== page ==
Medical tourism represents a $2.1 billion business, study shows

By Steve Twedt, Pittsburgh Post-Gazette

The same economics that outsourced call centers and manufacturing jobs overseas may soon hit health care in a big way.

A recent Deloitte study forecasts that the number of people turning to "medical tourism" -- traveling internationally for medical care -- will increase from 750,000 to 6 million by 2010, an eightfold increase.

If the actual increase is even half that, one thing is clear: It will be insurers and employers driving the change, not individual workers.

Blue Cross and Blue Shield of South Carolina has already started down the medical tourism road, and employers in other parts of the country are showing growing curiosity, if not interest.

At the annual Pittsburgh Business Group on Health symposium earlier this month, local benefits managers heard how the Maine-based Hannaford Brothers grocery store chain this year began offering its workers the option to fly to Singapore for their knee replacements, while pocketing an extra $10,000. Because the surgery would be so much cheaper, the company also will pay for a spouse or loved one to accompany them.
Medical tourism

Map of popular destinations for medical care, along with the average cost savings and common treatments offered.

The change "was designed to initiate a dialogue about quality and cost," said Chris Washburn, employee benefits supervisor for Hannaford, which is self-insured but uses Aetna as its vendor.

It's certainly started a conversation -- once the Hannaford program was publicized, the company started hearing from hospitals and health systems in the United States that said they could match or beat the Singapore prices. So far, no one from Hannaford has traveled to Singapore for an operation.

All this is not to say the Pittsburgh region is verging on a medical tourism boom.

While Mr. Washburn's presentation last week generated interest among local benefits managers, PBGH Executive Director Christine Whipple said she knew of no local company actively and seriously considering adding medical tourism to employee health benefits plans.

In line with Pittsburgh's historically conservative approach, she said, "They don't want to be leading edge, nor do they want to be far behind."

But as medical tourism becomes a global trend, the world may come to Pittsburgh. If the quality really is comparable, why not fly somewhere that will perform the same surgery for one-tenth the cost?

"The borders of health care have blurred. It is a very different world today than it was five years ago," said Dr. David Jaimovich, chief medical officer of Joint Commission International, which accredits international health systems and hospitals in similar fashion as its sister company, the Joint Commission on Healthcare Organizations, does in the United States.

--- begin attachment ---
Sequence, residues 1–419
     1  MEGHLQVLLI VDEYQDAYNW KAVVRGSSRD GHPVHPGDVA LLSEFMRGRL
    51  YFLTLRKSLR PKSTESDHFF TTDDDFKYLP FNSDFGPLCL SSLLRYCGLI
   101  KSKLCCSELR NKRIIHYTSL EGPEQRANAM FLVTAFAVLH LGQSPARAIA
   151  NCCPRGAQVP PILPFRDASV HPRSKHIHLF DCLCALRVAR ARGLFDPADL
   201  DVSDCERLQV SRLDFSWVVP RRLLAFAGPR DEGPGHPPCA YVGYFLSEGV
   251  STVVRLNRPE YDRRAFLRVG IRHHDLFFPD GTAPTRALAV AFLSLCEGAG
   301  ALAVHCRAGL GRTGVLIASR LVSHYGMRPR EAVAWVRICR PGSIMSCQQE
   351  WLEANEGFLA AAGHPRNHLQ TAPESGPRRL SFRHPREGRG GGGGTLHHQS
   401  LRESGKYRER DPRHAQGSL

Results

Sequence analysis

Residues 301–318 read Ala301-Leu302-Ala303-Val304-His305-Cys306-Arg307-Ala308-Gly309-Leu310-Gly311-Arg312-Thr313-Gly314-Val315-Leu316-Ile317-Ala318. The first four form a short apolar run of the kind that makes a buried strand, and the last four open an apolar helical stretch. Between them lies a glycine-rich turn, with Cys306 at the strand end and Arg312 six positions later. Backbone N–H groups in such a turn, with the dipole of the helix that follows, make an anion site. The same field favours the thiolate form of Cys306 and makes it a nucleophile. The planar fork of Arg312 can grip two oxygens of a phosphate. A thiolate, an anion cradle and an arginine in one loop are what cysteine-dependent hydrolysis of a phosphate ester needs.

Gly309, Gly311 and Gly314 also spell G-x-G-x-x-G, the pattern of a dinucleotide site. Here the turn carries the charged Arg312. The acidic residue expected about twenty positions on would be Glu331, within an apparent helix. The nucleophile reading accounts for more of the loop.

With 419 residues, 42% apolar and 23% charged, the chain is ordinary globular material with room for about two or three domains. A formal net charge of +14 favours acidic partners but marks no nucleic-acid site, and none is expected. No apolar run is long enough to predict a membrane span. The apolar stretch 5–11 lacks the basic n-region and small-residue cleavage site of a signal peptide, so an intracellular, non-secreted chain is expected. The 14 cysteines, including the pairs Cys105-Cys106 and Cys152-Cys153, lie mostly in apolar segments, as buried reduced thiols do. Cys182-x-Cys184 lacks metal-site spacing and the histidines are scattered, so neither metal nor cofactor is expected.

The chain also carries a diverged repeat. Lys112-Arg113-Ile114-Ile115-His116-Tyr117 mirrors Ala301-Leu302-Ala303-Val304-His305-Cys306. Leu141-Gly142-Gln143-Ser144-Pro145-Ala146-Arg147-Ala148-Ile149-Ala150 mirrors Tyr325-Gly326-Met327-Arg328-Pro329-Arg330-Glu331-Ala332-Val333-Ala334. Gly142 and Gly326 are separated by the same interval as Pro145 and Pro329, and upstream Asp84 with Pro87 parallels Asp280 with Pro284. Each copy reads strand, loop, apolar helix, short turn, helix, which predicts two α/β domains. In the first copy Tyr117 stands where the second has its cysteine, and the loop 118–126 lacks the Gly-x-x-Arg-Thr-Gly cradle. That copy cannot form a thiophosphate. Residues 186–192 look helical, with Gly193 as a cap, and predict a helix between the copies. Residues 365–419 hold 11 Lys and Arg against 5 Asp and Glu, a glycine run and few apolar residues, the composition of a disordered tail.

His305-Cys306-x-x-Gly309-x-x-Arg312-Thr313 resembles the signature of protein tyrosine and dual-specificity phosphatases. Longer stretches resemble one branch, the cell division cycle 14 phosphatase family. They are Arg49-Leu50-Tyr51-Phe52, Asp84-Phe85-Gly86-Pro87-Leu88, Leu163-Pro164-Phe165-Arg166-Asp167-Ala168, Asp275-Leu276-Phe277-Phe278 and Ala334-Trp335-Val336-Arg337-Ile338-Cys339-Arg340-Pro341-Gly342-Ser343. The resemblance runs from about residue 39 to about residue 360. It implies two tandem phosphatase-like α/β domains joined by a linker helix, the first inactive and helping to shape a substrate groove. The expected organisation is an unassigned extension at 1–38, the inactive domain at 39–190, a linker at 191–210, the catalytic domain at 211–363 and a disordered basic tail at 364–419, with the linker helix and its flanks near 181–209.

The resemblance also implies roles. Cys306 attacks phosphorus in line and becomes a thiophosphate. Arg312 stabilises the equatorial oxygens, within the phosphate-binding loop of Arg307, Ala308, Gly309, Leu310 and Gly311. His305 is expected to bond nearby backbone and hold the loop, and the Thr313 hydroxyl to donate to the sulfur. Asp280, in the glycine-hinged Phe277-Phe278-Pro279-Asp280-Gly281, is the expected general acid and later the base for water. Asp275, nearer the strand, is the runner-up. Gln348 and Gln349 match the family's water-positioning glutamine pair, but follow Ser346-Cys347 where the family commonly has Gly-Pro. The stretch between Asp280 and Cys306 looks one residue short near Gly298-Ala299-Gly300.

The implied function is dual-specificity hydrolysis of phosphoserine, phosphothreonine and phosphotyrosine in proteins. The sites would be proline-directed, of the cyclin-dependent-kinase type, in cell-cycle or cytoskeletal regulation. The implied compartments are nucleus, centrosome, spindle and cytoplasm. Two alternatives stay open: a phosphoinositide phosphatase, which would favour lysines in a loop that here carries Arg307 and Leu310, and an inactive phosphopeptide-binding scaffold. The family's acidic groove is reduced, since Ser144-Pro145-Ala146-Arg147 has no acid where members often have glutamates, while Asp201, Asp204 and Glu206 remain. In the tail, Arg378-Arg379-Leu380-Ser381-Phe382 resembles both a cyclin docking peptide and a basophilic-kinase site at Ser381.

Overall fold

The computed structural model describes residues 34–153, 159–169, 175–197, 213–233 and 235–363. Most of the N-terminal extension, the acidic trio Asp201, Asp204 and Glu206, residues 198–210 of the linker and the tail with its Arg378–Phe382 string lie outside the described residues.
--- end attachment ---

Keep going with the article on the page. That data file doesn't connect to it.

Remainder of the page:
JCI has given its stamp of approval to more than 250 hospitals in more than 30 countries, he said, and those institutions meet standards that "are very comparable to the U.S. domestic standards. There are many hospitals around the world that would put some of our [U.S.] hospitals to shame."

He expects that number of JCI-accredited hospitals to double by 2012.

At the same time, even accredited hospitals aren't worry free. As the Deloitte report points out, questions remain about follow-up care once a patient returns from overseas, and about who bears responsibility if something goes wrong. In most cases, the regulations and laws of the host country prevail.

"What a lot of folks would say is that the quality of care is highly variable," said Paul Keckley, executive director for Deloitte's Center for Health Solutions, which invested 1,900 hours analyzing the trend.

That does not mean that simple procedures, such as an uncomplicated shoulder surgery, could not be done safely at many centers in many countries, Dr. Keckley said. But he questions the wisdom of traveling overseas for, say, a hip replacement that carries a significant risk of infection or a deep vein thrombosis, when the patient faces a long flight home a few days later.

The Deloitte report estimates that medical tourism by Americans represents a $2.1 billion business. Part of that is a new industry of companies such as BridgeHealth International, which helps insurers, employers and individuals arrange medical travel plans. BridgeHealth advertises that it has "the most extensive provider network in the industry," with 25 hospitals in 10 countries.

The draw is easy to spot: A heart bypass procedure that costs $130,000 in the United States can be done for $18,500 in Singapore or $10,000 in India. A $40,000 knee replacement here is offered at one-fourth that cost in Thailand, all at accredited hospitals.

With health-care costs rising 8 percent to 9 percent domestically, it's the kind of savings that can make medical tourism sound very appealing.